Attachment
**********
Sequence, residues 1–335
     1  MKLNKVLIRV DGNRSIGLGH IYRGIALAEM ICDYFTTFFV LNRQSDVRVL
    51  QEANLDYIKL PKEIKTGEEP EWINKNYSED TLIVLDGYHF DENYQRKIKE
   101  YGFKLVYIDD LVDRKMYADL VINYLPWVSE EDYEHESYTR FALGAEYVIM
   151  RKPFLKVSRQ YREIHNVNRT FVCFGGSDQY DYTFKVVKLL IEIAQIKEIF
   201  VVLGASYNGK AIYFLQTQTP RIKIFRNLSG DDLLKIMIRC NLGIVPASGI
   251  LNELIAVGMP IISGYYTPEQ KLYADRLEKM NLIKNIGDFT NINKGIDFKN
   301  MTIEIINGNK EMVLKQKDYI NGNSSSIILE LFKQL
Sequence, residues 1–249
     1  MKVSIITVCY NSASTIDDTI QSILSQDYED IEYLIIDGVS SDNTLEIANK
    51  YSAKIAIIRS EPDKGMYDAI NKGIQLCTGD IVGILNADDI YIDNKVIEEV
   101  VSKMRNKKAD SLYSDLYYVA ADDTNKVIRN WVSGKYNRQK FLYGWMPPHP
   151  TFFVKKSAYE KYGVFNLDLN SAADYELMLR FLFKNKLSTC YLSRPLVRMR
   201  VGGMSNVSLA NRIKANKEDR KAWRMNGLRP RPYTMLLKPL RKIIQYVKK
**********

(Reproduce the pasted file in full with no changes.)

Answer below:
Sequence, residues 1–335
     1  MKLNKVLIRV DGNRSIGLGH IYRGIALAEM ICDYFTTFFV LNRQSDVRVL
    51  QEANLDYIKL PKEIKTGEEP EWINKNYSED TLIVLDGYHF DENYQRKIKE
   101  YGFKLVYIDD LVDRKMYADL VINYLPWVSE EDYEHESYTR FALGAEYVIM
   151  RKPFLKVSRQ YREIHNVNRT FVCFGGSDQY DYTFKVVKLL IEIAQIKEIF
   201  VVLGASYNGK AIYFLQTQTP RIKIFRNLSG DDLLKIMIRC NLGIVPASGI
   251  LNELIAVGMP IISGYYTPEQ KLYADRLEKM NLIKNIGDFT NINKGIDFKN
   301  MTIEIINGNK EMVLKQKDYI NGNSSSIILE LFKQL
Sequence, residues 1–249
     1  MKVSIITVCY NSASTIDDTI QSILSQDYED IEYLIIDGVS SDNTLEIANK
    51  YSAKIAIIRS EPDKGMYDAI NKGIQLCTGD IVGILNADDI YIDNKVIEEV
   101  VSKMRNKKAD SLYSDLYYVA ADDTNKVIRN WVSGKYNRQK FLYGWMPPHP
   151  TFFVKKSAYE KYGVFNLDLN SAADYELMLR FLFKNKLSTC YLSRPLVRMR
   201  VGGMSNVSLA NRIKANKEDR KAWRMNGLRP RPYTMLLKPL RKIIQYVKK